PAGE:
Abstract for talk to Language and Cognition seminar Friday 5 Oct 2012 14:15, and to Intelligent Robotics Lab, Monday 8th Oct 3pm

School of Computer Science, University of Birmingham.

(Officially retired philosopher in a Computer Science department)

This paper is

http://www.cs.bham.ac.uk/research/projects/cogaff/misc/irlab-lang-cog-abstract.html

Also accessible as http://tinyurl.com/CogMisc/irlab-lang-cog-abstract.html

A PDF version may be added later.

A partial index of discussion notes is in http://www.cs.bham.ac.uk/research/projects/cogaff/misc/AREADME.html

It is obvious to anyone who has had personal experience of doing mathematics, e.g. finding a proof of a theorem in Euclidean geometry, or a proof of a theorem about numbers (as opposed to merely memorising theorems -- as required in bad mathematics teaching), that humans can make discoveries about structures, relationships, and processes that are not empirical, even if the discovery is triggered by experience, and also not trivial, like definitional truths (e.g. No odd number is divisible by 2). Anyone who does not recognise this is invited to play with the examples here:

http://tinyurl.com/CogMisc/triangle-theorem.html (discoveries about triangles based on playing with diagrams) or here http://tinyurl.com/CogMisc/toddler-theorems.html#primes (discoveries about numbers based on playing with blocks)

Immanuel Kant (around 1781) referred to the knowledge acquired in such discoveries as 'synthetic apriori knowledge' of 'synthetic necessary truths'. Of course, he knew that new-born babies do not have such knowledge, so for him 'apriori' did not mean 'innate'[*]. Most learners nowadays acquire such knowledge only with the help and stimulation provided by teachers, but in the millenia before production of Euclid's elements there must have been people who made such discoveries without having mathematics teachers. I suspect that the required human mathematical abilities are based on the mechanisms produced by biological evolution that enable humans and other animals to discover what J.J.Gibson called 'affordances' of many kinds, in structured environments. (I shall ignore his seriously mistaken ideas about 'direct' perception.) We can generalise Gibson's notion of 'affordance' to cover a wide range of possibilities for change and constraints on change. Some of them can only be discovered empirically, and many of those are merely statistical correlations. But a subset have the features Kant described, e.g. affordances related to interactions between rigid objects, such as levers and gear wheels. I suspect that in the first few years of life young children make many such proto-mathematical discoveries about possibilities and constraints on possibilities in the environment, which enable them to learn by working things out, instead of learning only by trial and error, or by being told, or by imitation. The discoveries in question, i.e. hundreds of "toddler theorems" seem to be closely related to what Annette Karmiloff-Smith called "Representational redescription" in "Beyond Modlarity"(1992). Many of them are made before children have developed the meta-semantic and meta-cognitive capabilities required to be aware of what they have learnt or to be able to communicate it to others. So discovering that such learning is going on is a task with severe methodological problems, especially as the processes seem to be highly idiosyncratic and unpredictable, ruling out standard experimental and statistical methods. I'll present some examples of ways of investigating toddler theorems and invite suggestions for more systematic research. I think Piaget had some important insights about these phenomena, but lacked a theoretical framework for thinking about mechanisms, though shortly before his death, at a workshop in Geneva, he acknowledged that knowing about Artificial Intelligence would have helped. [*] Some theoretical ideas about the nature-nurture issues related to toddler theorems are presented in this paper published in an obscure journal in 2007: http://tinyurl.com/BhamCosy/#tr0609 Jackie Chappell and Aaron Sloman Natural and artificial meta-configured altricial information-processing systems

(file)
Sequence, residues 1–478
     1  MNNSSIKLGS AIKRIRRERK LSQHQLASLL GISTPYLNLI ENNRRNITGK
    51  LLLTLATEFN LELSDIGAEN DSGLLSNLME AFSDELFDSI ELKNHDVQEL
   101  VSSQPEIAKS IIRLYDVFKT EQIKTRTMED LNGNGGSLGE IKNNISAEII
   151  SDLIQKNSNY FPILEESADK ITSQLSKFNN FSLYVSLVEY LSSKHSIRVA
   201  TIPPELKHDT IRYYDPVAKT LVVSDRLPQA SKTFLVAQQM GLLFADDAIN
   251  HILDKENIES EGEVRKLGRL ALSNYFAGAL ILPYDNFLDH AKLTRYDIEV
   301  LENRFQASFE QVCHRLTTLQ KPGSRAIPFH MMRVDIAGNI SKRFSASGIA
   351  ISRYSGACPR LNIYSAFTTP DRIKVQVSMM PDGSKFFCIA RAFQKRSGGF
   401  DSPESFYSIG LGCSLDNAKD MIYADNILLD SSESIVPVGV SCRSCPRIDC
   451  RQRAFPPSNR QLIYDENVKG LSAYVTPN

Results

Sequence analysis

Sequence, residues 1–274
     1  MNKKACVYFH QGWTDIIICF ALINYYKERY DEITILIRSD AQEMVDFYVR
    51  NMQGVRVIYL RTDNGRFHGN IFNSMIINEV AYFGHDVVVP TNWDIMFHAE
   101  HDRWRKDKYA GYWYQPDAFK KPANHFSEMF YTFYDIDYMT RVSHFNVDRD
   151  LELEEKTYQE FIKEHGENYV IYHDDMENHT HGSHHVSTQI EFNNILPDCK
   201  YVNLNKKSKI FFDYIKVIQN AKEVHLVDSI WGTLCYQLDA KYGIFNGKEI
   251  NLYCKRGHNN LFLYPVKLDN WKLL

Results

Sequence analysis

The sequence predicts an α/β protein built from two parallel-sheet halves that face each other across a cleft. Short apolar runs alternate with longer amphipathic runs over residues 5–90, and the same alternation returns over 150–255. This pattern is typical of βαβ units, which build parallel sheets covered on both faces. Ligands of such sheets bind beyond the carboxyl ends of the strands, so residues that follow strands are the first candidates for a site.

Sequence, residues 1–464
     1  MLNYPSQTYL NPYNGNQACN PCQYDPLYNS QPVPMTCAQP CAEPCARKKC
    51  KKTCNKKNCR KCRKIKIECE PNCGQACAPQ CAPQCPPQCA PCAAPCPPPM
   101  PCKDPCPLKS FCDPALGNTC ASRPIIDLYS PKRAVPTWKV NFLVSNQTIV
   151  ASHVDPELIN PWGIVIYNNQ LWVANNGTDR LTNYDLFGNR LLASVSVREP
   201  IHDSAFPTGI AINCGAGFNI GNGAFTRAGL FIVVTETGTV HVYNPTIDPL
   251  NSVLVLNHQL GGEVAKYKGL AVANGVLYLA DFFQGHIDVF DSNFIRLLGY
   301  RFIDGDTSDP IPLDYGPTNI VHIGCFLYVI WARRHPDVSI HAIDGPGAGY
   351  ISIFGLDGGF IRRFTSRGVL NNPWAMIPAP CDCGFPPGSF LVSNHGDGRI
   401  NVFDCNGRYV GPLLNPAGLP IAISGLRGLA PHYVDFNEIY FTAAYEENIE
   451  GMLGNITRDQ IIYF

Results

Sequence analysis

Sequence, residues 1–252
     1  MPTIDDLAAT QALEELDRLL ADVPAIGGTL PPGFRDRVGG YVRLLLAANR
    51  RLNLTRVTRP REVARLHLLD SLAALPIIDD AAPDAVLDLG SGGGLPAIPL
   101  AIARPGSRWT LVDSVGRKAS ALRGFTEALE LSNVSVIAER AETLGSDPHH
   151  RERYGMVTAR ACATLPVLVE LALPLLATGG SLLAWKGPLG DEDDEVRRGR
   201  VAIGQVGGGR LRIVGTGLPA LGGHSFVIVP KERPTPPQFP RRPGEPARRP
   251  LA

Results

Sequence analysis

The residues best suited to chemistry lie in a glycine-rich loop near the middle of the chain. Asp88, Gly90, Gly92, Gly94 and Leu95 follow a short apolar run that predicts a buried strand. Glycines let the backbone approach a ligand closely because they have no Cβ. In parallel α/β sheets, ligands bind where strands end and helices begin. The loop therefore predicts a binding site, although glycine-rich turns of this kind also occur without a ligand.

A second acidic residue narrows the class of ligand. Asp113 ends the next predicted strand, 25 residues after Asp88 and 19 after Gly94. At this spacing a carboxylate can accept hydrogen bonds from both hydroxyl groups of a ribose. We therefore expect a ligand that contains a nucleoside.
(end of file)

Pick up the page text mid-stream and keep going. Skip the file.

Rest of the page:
Maintained by
Aaron Sloman

School of Computer Science

The University of Birmingham